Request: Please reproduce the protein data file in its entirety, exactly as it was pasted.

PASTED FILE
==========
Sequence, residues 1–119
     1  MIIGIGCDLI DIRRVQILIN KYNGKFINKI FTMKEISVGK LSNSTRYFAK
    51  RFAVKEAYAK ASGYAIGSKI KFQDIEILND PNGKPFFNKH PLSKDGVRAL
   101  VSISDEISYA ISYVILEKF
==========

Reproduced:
Sequence, residues 1–119
     1  MIIGIGCDLI DIRRVQILIN KYNGKFINKI FTMKEISVGK LSNSTRYFAK
    51  RFAVKEAYAK ASGYAIGSKI KFQDIEILND PNGKPFFNKH PLSKDGVRAL
   101  VSISDEISYA ISYVILEKF